Today, the Salt Lake City Olympic Games Commemorative Silver Dollar Coin remembers the first winter games held in Chamonix, France in 1924.
The 1924 Winter Olympics were a winter multi-sport event and held in association with the 1924 Summer Olympics.
The winter competitions were held at the foot of Mont Blanc in Chamonix, and Haute-Savoie, France between January 25 and February 5, 1924.
The Games, organized by the French Olympic Committee, were designated by the International Olympic Committee (IOC) as the I Olympic Winter Games.
Some insights into the games from the Pittsburgh Press:
Paris, Jan. 24.
Curtain Rises on Olympic First Act; Winter Sports On
With the curtain rising on the first act— winter sports at Chamonix —tomorrow, the Olympic Games committee is slowly but surely completing the stage setting for the big Olympic show of 1924.
Chamonix is ready for the international battles in speed skating, ice hockey, bobsleigh racing, ski-jumping, curling and other winter athletic tests. Sixteen nations will be represented by their champions and stars.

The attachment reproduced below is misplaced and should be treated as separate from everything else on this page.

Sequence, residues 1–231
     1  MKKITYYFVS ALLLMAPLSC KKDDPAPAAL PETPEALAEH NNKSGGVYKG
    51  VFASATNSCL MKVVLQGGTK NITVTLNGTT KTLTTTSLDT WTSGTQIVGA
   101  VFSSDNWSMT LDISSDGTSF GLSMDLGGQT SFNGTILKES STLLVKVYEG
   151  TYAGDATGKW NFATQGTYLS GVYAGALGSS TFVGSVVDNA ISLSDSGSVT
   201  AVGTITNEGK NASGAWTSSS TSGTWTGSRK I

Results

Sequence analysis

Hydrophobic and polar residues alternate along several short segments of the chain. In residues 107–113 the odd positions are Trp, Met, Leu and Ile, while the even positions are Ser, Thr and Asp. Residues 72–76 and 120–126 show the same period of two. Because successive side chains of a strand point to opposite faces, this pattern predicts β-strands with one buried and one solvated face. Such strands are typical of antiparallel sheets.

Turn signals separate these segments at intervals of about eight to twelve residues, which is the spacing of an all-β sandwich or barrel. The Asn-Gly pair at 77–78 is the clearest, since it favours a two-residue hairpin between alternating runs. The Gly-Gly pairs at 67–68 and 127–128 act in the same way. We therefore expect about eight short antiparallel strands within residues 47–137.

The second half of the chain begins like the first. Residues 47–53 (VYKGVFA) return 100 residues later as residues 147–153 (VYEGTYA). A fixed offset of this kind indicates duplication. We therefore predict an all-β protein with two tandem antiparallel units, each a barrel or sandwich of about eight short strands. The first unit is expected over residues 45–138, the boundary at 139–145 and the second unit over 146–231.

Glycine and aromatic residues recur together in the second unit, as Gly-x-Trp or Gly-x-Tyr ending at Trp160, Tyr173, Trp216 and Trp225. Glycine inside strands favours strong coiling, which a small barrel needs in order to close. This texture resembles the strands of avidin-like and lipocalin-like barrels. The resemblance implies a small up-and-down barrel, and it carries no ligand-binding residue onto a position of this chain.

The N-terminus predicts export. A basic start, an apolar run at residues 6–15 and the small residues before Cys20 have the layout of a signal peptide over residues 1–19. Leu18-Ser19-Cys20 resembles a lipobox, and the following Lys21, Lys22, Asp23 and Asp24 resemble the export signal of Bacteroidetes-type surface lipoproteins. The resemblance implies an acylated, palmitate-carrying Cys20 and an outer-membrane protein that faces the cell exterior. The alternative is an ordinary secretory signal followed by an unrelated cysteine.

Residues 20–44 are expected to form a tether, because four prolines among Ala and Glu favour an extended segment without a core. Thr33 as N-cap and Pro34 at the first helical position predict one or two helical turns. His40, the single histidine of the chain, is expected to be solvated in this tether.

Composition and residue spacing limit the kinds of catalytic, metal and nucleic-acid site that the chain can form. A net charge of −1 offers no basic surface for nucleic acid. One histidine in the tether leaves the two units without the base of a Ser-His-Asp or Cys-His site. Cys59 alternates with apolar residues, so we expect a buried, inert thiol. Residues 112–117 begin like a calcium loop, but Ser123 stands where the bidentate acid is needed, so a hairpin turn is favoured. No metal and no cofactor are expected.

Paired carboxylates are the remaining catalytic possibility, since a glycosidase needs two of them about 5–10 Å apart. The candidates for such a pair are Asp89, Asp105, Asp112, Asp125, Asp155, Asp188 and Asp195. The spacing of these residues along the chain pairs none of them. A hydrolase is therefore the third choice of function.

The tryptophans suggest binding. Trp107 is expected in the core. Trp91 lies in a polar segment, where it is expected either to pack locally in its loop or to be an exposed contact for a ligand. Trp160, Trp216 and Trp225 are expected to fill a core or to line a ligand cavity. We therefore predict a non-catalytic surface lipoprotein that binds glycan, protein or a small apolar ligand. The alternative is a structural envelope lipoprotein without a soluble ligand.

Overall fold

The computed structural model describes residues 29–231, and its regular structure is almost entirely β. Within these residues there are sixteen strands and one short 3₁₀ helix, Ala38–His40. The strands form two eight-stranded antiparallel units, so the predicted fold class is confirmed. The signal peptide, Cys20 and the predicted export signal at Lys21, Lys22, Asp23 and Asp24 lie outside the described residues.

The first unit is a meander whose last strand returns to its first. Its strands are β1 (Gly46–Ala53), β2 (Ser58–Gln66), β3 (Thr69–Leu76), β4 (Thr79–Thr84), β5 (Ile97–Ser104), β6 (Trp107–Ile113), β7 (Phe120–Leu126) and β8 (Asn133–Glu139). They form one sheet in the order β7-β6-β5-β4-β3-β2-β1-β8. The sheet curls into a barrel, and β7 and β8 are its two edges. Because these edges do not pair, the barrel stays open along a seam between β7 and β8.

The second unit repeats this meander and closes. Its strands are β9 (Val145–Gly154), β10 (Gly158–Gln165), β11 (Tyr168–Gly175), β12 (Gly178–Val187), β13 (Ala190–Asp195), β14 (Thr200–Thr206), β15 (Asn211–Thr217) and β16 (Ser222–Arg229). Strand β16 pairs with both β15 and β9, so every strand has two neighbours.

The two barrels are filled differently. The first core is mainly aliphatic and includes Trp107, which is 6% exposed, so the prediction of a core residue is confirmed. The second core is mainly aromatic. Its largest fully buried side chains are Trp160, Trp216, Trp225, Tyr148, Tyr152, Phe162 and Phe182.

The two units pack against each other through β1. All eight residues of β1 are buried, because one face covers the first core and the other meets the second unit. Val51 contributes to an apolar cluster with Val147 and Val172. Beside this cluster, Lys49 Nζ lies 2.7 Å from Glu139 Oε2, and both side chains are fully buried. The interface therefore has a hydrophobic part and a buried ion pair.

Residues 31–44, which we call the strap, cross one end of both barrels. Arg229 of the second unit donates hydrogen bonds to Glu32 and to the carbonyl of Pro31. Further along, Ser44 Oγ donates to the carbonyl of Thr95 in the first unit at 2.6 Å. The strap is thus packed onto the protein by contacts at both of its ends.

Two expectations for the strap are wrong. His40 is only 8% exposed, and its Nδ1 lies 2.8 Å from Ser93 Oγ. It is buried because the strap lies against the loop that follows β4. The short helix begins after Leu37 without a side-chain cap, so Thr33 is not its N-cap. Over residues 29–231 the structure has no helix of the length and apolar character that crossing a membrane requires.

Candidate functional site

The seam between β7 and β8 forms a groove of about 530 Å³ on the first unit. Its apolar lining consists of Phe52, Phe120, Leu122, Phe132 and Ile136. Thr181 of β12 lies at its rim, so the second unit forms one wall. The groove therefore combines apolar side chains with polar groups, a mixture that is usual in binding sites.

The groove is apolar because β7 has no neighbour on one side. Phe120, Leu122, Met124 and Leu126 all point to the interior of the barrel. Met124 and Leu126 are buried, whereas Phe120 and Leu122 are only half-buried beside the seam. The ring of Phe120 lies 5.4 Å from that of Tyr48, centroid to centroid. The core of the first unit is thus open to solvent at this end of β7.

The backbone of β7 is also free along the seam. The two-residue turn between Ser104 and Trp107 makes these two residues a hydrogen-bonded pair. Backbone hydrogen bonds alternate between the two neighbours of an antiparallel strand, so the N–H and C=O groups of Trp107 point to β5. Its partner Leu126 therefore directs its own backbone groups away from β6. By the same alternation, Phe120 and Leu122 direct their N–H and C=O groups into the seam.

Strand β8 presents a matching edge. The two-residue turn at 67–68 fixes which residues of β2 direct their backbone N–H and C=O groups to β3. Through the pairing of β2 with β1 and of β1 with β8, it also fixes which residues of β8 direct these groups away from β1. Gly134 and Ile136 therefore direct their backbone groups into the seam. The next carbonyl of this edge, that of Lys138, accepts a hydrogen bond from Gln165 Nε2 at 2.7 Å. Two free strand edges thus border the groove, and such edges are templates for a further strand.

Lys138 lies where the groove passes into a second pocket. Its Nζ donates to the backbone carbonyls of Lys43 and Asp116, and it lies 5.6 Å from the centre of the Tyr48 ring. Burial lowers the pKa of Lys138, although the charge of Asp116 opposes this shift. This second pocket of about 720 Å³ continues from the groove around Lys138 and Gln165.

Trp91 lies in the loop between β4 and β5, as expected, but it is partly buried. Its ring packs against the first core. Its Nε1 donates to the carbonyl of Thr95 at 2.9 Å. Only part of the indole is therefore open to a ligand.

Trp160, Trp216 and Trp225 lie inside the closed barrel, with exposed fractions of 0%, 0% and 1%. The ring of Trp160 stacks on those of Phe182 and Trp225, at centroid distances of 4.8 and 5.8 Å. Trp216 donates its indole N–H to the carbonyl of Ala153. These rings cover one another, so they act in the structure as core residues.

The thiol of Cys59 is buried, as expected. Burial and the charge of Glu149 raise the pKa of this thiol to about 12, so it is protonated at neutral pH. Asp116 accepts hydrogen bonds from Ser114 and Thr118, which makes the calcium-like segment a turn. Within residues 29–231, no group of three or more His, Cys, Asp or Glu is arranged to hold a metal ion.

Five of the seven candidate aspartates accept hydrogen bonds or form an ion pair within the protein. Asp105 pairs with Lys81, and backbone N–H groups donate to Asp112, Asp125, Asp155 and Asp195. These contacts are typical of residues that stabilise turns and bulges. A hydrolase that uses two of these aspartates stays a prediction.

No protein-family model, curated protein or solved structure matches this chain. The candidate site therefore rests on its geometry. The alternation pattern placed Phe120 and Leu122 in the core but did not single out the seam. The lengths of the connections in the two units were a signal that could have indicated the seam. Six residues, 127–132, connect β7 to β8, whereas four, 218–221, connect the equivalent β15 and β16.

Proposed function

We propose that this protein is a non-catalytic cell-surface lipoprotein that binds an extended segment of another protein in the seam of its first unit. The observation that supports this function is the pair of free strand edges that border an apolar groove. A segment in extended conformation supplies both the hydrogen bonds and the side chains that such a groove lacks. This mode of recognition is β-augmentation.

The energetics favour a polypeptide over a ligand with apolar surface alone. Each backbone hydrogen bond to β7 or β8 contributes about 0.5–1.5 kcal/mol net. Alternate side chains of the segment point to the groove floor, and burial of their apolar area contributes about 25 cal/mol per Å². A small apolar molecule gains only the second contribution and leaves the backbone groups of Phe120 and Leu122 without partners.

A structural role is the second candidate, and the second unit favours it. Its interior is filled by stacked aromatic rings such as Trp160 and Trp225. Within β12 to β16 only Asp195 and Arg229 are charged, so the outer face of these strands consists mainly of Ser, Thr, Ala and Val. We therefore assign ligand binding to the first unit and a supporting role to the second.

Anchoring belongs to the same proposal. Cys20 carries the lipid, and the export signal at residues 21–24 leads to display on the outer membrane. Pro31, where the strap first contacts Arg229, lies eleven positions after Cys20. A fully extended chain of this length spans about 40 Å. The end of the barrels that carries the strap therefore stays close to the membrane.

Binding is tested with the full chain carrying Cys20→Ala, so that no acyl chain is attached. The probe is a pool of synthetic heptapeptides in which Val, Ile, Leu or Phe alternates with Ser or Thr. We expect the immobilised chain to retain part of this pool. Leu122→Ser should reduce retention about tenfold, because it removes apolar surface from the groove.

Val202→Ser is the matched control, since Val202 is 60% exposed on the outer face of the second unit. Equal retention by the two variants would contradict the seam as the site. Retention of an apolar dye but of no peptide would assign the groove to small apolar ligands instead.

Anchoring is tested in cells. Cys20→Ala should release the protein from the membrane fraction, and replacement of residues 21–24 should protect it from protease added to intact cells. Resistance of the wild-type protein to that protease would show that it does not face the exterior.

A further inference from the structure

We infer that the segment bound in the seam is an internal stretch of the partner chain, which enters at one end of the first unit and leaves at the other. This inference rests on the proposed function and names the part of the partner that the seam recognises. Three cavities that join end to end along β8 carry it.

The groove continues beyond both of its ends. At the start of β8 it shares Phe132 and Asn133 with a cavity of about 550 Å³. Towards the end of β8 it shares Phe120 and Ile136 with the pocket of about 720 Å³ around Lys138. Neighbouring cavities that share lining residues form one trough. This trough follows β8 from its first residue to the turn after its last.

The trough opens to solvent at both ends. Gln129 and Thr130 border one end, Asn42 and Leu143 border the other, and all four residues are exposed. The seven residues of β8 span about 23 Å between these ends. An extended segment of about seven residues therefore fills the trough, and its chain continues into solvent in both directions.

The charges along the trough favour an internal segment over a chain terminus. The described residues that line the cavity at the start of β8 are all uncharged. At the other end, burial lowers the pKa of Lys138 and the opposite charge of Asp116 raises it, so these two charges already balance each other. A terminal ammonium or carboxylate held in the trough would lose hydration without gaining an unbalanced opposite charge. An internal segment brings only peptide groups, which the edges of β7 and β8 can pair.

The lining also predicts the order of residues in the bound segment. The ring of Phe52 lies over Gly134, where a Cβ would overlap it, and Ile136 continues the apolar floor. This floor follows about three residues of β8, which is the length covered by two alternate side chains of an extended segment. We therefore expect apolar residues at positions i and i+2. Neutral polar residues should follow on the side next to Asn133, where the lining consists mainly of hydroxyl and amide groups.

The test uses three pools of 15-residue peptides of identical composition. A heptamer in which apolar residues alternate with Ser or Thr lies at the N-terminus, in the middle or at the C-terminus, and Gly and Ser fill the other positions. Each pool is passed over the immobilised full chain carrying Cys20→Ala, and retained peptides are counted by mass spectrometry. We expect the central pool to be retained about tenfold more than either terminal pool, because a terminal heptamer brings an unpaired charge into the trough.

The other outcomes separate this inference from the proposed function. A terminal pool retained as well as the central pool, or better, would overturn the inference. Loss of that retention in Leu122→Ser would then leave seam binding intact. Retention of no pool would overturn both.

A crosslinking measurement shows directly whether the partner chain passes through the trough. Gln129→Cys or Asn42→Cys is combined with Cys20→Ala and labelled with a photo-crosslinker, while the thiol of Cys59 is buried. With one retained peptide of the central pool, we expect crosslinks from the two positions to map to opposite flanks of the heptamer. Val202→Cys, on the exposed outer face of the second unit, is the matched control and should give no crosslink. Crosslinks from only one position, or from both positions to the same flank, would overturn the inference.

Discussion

The competing countries will be the United States, Great Britain, France, Canada, Jugo-Slavia, Italy, Czechoslovakia, Belgium, Finland, Austria, Latvia, Norway, Switzerland, Esthonia, Sweden and Hungary.
The total number of nations entering the games in Paris is nearly 40, with late entries still coming in from far corners of the globe. The Olympic committee is laboring every day on some phase of the vast project.
The only important matter that Is causing any worry to officials is the delay in the construction of the “Olympic Village,” at Colombes, where the visiting athletes will be housed.
Work was originally set for December 1st, but was postponed until January 1st, making haste necessary if the village is to be ready when the athletic Invaders start landing in force In June. America, England, Sweden and Italy wilt house their own teams away from the village.
Chamonix, France, Jan. 25.
Olympic Opening Dubious
With the skating rink and snowslides almost wrecked by thaws, opening of the Olympic games here tomorrow seems dubious.
The skating rink is soft and sloppy and slides for the bobsled and ski contests have melted down almost to mud.